MANDERA, 17 September 2007 (PlusNews) - The strong anti-condom
stance of religious leaders in northern Kenya means few people
there are using them and traders are refusing to stock them,
which AIDS activists warn is jeopardising the fight against the
"I will never sell condoms in my shop; it is like promoting
adultery and operating a brothel," Sharrif Mohamed, who owns a
shop in Isiolo, Eastern Province, told IRIN/PlusNews.
Most traders in the mainly Muslim northeastern part of the
country have refused to stock condoms, which are usually only
available at government health centres.
Zamzam, a single mother of three in Garissa, a town North Eastern
Province, dismissed condoms as "a thing for the prostitutes",
saying, "I use my brain and intelligence when I want to sleep
with a man, and can tell who is sick [with HIV/AIDS]; I am not a
prostitute to use it." This level of ignorance is common across
the region, where literacy levels are the lowest in the country.
"The HIV/AIDS pandemic is a curse and punishment because people
have engaged in immoral acts and offended Allah [God]," Maalim
Hussein Mohamud, a teacher at a 'madrassa', or Islamic school, in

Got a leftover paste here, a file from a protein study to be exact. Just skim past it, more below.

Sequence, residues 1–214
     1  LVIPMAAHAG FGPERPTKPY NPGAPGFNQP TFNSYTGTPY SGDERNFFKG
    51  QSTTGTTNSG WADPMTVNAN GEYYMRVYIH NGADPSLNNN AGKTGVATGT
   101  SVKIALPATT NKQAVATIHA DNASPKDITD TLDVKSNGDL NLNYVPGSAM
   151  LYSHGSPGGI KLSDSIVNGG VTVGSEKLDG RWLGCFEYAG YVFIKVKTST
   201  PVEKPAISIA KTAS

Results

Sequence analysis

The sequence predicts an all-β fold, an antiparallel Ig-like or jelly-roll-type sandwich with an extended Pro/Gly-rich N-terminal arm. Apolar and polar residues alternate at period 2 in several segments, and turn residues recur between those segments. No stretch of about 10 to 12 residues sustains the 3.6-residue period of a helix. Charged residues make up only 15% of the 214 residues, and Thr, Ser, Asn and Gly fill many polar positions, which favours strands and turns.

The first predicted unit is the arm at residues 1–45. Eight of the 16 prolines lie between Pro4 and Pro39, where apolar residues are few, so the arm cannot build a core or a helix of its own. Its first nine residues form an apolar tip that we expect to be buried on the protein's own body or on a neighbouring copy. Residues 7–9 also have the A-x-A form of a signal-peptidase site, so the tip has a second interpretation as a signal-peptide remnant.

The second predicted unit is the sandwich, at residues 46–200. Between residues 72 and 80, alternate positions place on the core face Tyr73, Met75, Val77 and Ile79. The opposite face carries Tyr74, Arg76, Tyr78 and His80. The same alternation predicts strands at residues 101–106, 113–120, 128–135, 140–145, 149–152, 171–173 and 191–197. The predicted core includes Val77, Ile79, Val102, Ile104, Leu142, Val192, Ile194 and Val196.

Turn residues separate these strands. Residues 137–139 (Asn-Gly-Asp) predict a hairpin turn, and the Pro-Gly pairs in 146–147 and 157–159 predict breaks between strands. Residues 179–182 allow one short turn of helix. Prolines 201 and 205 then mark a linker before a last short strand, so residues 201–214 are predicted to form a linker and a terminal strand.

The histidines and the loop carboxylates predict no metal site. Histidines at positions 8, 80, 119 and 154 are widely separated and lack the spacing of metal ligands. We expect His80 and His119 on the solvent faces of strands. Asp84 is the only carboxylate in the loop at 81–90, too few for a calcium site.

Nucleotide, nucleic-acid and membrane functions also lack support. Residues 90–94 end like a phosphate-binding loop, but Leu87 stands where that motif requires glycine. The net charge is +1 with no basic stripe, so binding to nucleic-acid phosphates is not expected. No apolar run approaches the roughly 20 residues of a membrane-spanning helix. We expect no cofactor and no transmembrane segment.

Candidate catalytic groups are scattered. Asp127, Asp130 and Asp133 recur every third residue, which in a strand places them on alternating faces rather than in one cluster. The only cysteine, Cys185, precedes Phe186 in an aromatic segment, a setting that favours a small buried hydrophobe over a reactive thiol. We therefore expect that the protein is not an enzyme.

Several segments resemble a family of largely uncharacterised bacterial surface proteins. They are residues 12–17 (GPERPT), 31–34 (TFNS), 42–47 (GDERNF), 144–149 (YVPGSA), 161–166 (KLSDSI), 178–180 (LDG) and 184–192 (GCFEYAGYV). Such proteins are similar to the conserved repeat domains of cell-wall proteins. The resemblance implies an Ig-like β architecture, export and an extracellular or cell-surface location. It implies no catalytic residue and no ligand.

Mandera, near the Somali border, told IRIN/PlusNews. "They have
to repent, observe religious teaching and not use condoms."
Mohamud said the only way to prevent the viral infection was to
observe religious teachings, abstain from 'illegal' sexual acts
and avoid the use of condoms.
"Our position is very clear: we shall never support the use of
condoms; Muslims must shun acts that will endanger their lives.
To be safe [from HIV], youths must pray five times daily, fast,
and refrain from looking at women; extramarital affairs must be
avoided and women must dress decently," he insisted.
Noor sheikh, who works at the government's HIV/AIDS and sexually
transmitted infection control programme in North Eastern
Province, said stiff opposition to the use of condoms was proving
to be a hindrance to HIV prevention. "Our region has the lowest
use of condoms in the country," he said. "Of course it is a
factor responsible for many cases of infections."
Some activists have complained that the government has not done
enough to educate the local population about condom use,
particularly in rural areas, and it was also often very difficult
to obtain condoms.
"Many youths are informed about the use of condoms, but have said
they are not available in remote parts of the region," said
Margaret Leshore, of the Samburu Women's Empowerment Programme, a
non-governmental organisation advocating women's rights.
The condom is one of the main HIV prevention strategies employed
by the government, and free condoms are available at most health
centres around the country.
Although northern Kenya has some of the country's lowest
prevalence rates, concerns have been raised about low awareness
of the pandemic and the region's continued resistance to condom